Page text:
Immunizations — not just for kids
January 16, 2014
Ask Dr. Robert Lowe about the efficacy of vaccinations and he might show you a chart demonstrating how well they've worked.
For example, in 2011 more people died from falling out of bed than contracted the mumps. In 2012, the number of Americans diagnosed with diphtheria, smallpox, or polio, was — zero.
His point? Vaccines have played historic roles in taming what once were major — even killer — diseases, and vaccinations should be kept current even for adults. Right now, flu shots are on the minds of local health professionals.
Getting flu shots is especially important, they say, as the H1N1 strain is making its way across the southern states toward California.
"Flu in California and Nevada County is still sporadic," Dr. Lowe said, "but it is expected to become more widespread as winter progresses."
(For a map showing how the flu has spread across the nation, visit http://gis.cdc.gov/grasp/fluview/main.html.)
To get ready, the 800 employees at Sierra Nevada Memorial Hospital have already taken their shots, along with doctors, volunteers, and students who work there, according to Lisa Humphrey, RN, employee health nurse.
"Flu shots are mandatory for us, and we start vaccinating in November," she said.
Only a handful of employees decided not to take the shots, and they must wear masks until the end of March, Humphrey said.
It's not too late to get a flu shot, both Humphrey and Dr. Lowe stated. His office continues to give flu vaccine to patients until early March.
"(Flu) vaccination is 50 to 80 percent effective, depending on the person's age and health of the immune system," Dr. Lowe explained. "Vaccination can make flu less severe in those who have received the vaccine but still catch the flu."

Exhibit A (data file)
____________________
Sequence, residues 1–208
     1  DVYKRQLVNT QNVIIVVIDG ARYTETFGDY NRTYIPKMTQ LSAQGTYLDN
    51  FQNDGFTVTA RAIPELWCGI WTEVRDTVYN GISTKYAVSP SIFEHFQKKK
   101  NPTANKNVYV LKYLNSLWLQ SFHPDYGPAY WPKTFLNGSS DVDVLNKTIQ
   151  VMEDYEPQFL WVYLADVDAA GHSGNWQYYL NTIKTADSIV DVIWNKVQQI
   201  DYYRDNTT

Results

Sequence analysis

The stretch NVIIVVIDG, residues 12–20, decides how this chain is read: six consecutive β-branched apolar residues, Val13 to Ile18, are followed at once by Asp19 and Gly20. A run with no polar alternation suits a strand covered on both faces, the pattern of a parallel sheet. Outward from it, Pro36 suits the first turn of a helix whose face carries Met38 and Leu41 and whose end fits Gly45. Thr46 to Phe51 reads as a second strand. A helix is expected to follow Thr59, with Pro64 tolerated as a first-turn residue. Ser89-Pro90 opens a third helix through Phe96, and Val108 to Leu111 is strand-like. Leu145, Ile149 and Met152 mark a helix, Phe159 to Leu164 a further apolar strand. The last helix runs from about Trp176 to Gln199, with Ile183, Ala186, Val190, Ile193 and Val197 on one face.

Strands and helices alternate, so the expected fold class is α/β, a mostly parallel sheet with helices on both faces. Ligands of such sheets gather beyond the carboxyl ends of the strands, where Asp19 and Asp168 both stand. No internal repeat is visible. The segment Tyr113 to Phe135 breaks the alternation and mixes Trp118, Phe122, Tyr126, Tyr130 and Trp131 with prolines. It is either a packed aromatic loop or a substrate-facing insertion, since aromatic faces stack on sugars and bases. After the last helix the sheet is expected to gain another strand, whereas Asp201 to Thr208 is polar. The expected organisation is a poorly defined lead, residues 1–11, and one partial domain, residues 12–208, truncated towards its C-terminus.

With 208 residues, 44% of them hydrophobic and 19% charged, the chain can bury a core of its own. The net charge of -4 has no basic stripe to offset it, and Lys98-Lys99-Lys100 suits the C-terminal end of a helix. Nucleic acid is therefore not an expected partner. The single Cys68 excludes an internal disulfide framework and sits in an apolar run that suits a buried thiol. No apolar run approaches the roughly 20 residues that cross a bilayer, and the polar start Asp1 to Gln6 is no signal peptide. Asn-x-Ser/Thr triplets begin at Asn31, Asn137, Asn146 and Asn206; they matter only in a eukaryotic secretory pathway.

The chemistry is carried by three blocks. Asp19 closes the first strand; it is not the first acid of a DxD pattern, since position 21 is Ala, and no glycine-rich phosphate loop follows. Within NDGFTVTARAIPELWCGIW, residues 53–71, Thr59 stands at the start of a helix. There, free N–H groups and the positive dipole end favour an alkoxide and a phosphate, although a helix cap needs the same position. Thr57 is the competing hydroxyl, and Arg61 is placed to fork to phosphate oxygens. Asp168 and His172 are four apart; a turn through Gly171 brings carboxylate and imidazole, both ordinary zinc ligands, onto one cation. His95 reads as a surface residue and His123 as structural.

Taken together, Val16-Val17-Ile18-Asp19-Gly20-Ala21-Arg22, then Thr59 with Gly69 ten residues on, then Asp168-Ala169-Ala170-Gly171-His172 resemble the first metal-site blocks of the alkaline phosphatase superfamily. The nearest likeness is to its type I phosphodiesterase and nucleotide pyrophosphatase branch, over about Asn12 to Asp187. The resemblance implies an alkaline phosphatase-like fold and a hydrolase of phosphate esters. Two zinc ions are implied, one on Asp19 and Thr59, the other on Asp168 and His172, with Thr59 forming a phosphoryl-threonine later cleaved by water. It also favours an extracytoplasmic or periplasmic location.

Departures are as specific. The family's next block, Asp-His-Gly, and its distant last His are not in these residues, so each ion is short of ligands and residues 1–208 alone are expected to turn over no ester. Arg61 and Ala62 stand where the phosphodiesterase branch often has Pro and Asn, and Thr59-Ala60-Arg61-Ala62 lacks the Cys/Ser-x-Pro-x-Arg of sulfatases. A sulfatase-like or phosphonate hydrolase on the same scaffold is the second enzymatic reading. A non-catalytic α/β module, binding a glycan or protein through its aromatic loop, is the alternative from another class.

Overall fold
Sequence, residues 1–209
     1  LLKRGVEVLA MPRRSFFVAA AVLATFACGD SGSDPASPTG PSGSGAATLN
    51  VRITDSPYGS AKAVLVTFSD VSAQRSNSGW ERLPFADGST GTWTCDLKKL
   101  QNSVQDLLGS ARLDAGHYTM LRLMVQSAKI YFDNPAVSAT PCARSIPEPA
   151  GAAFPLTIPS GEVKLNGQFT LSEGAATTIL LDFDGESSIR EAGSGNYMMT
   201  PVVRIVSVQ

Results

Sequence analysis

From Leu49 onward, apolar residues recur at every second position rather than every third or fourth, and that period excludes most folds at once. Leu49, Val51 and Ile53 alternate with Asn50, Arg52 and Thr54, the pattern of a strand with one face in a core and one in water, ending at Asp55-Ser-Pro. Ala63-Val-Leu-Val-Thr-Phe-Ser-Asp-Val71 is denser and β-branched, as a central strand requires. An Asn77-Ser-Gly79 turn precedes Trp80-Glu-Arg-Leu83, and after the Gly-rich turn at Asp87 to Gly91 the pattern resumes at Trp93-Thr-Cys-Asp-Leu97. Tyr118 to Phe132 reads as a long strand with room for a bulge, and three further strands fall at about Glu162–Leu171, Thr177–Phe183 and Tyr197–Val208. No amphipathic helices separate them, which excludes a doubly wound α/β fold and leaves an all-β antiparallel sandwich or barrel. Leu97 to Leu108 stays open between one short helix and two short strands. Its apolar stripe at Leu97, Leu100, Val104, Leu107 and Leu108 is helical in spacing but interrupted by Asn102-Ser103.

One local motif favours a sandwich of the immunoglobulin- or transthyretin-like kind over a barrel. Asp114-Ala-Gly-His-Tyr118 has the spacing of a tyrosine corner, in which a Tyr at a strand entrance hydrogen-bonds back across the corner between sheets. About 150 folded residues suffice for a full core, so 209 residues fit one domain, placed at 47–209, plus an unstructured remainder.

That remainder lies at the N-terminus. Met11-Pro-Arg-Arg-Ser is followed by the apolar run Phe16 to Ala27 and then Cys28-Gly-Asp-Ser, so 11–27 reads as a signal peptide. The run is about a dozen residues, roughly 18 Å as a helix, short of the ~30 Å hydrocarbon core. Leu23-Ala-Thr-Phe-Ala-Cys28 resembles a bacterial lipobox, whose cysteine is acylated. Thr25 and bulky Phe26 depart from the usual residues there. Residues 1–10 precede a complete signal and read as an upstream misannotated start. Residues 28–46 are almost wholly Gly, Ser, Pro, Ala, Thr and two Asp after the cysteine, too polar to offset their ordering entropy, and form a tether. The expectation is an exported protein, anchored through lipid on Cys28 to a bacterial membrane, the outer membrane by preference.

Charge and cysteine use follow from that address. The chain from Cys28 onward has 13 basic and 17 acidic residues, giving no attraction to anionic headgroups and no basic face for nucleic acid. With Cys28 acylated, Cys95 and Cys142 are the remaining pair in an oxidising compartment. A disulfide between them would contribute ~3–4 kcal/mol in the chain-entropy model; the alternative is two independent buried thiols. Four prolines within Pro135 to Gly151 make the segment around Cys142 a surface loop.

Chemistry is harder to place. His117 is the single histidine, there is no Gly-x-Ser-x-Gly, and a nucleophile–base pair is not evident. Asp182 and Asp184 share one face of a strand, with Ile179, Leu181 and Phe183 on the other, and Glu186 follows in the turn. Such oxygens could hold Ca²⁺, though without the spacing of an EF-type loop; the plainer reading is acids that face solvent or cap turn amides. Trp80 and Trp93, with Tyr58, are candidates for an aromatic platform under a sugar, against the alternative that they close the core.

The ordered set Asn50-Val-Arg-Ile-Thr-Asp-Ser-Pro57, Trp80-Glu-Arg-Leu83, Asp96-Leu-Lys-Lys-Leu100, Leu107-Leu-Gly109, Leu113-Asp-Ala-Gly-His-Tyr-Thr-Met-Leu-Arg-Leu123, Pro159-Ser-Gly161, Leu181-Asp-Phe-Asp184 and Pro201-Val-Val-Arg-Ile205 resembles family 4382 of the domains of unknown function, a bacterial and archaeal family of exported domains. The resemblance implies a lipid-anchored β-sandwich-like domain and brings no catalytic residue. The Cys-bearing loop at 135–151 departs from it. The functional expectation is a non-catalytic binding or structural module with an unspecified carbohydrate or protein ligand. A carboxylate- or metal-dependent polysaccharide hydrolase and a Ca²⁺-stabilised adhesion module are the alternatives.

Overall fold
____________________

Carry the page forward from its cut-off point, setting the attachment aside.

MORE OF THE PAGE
He noted that antiviral medications such as Tamiflu could lessen the severity and duration of flu if started early enough.
Sherry Dunn, PHN, immunization coordinator for the Nevada County Public Health Department, invited residents to call her office at 530-265-7265 for information about the flu and where to get vaccinated.
But she and Dr. Lowe emphasized that adults need to be mindful of other immunizations, as well.
"Immunizations are not just for kids," Dunn said. "Regardless of age, we all need immunizations to keep us healthy. Over time, immunity from vaccines wears off and booster shots are necessary."
"In my own practice, I suggest yearly flu vaccine, keeping up to date on tetanus, diphtheria and pertussis vaccinations, as well as pneumococcal vaccination," Dr. Lowe advised. "For those over age 60 a vaccine against shingles is also recommended."
Adult vaccinations are not just to protect the individuals who get them, Dunn noted.
"When you get immunized as an adult you are not only protecting yourself, you are protecting the most vulnerable of the population, the very young, the elderly, and those persons whose immune systems are not strong," she explained. "Getting vaccinated as an adult is the responsible and appropriate thing to do for yourself and others."
Babies are especially vulnerable to pertussis, or whooping cough, she warned. She and other health professionals recommend "cocooning," the term for immunizing everyone around babies to help prevent pertussis. That includes parents, grandparents, siblings, and aunts and uncles.
Another common disease that can be prevented through vaccine is pneumonia, Dunn said. "People at greater risk for pneumonia are persons aged 65 and older, the very young, and people with certain health problems, weakened immune systems, and smokers."
Adult immunizations may be influenced by factors such as age, lifestyle, health conditions, travel, and previous immunizations, Dunn said.
Having an annual flu shot is important because different strains of flu appear all over the globe and travel between continents and hemispheres, Dr. Lowe said. "This year's northern hemisphere flu vaccine is based in large part on what was found in the southern hemisphere last flu season," he explained.
Flu outbreaks all over the globe are monitored through the World Health Organization, which makes recommendations to nations worldwide. The Centers for Disease Control then determines the best mix for the United States.
"Most strains this year have been H1N1 so far, and that's matched by the vaccine which this year has two influenza A strains — H1N1 California and H3N2 Victoria, plus influenza B Massachusetts," Dr. Lowe said.
In other words, this year's flu shot should have you covered.
All physicians providing care for patients at SNMH are members of the medical staff and are independent practitioners, not employees of the hospital.